Japan Platform for Redesign: Sustainable Infrastructure (JPRSI)

JPRSI Online Pavilion

Soil Hardening Agent STEIN

Technology / Service Summary

The soil hardening agent STEIN is made by adding only 5% of 27 types of inorganic compounds to ordinary Portland cement to firmly bond the potential of soil particles, making it possible to construct roads and irrigation, and because 90% of the soil is used as site soil, it is low carbon paving technology.


STEIN was developed in 1975 as a hardening technology that prevents harmful substances such as mercury and hexavalent chromium from leaching out, but it is now used to harden soil, which is also made of inorganic substances, and construct roads and other infrastructure.


Since 90% of the hardened structure is made of soil, it takes advantage of the texture of the soil at the site, and is strong enough to handle vehicle traffic, with little erosion or cracking caused by rain.


Because the structure is hardened using on-site soil, carbon dioxide emissions can be reduced by 90% compared to concrete pavement.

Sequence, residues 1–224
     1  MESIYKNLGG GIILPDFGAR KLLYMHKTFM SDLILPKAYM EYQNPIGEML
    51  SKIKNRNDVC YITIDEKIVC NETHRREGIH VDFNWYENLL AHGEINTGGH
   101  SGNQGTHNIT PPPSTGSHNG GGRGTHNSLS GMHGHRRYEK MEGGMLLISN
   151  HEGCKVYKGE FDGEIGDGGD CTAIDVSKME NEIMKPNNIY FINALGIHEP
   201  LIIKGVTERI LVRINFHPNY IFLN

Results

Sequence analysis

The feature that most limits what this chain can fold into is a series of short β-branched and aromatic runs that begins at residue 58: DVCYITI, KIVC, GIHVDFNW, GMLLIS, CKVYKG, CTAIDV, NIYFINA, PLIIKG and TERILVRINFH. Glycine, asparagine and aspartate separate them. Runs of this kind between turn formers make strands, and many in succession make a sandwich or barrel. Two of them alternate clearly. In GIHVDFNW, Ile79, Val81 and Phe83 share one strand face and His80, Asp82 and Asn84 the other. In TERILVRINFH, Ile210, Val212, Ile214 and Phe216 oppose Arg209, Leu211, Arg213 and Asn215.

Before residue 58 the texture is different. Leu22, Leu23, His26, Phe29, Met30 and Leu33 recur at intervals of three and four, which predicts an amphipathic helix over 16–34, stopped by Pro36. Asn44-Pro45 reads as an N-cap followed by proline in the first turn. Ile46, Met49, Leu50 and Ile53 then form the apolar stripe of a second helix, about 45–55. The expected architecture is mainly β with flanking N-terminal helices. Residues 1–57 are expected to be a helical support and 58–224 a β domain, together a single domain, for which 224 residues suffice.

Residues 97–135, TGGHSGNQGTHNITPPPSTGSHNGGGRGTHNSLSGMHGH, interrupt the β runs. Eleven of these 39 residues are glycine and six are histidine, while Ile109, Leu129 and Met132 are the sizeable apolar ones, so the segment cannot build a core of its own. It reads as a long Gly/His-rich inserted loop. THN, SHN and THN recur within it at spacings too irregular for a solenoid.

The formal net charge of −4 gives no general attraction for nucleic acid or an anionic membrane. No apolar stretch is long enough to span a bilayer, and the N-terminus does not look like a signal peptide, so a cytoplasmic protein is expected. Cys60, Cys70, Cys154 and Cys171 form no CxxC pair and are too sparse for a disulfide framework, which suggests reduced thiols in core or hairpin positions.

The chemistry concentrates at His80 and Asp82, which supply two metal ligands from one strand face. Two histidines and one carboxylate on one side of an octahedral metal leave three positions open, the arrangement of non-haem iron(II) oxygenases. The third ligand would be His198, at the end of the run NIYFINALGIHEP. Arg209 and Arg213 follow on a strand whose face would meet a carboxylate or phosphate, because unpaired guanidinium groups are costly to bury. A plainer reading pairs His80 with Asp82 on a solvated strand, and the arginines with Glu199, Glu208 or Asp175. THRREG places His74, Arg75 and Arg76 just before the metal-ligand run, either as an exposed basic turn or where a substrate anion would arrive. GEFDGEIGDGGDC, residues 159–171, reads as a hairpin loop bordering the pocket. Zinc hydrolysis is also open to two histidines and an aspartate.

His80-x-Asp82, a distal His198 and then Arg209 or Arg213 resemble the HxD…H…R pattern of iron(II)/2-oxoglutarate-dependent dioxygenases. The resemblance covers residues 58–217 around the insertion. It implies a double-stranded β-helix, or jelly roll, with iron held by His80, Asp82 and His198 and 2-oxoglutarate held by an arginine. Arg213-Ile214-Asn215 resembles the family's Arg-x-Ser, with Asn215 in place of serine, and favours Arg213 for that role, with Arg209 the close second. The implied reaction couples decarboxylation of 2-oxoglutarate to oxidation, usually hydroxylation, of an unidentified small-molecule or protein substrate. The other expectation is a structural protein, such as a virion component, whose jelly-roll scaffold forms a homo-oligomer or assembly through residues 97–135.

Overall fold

Controlled Substance


Applicable Regions / Countries

  • Japan
  • Southeast Asia
  • Central/South Asia
  • China/ East Asia
  • Middle East
  • Africa
  • Oceania
  • Europe
  • Central/South America
  • ASEAN countries

    Indonesia,Cambodia,Singapore,Thailand,Philippines,Brunei Darussalam,Viet Nam,Malaysia,Myanmar,Lao PDR

Locations for inspection

Farm road constructed with Ministry of Water Resources and Meteolorogy in Cambodia
Water ways constructed with Ministry of Irrigation and farmers organization in Sri Lanka
Water ponds constructed in Kenya
Access road of Kalobeyei refugee settlement in Kenya

Related SDGs Goals

  • 6. Clean Water and Sanitation
  • 11. Sustainable Cities and Communities
  • 13. Climate Action

Soil Hardening Agent STEIN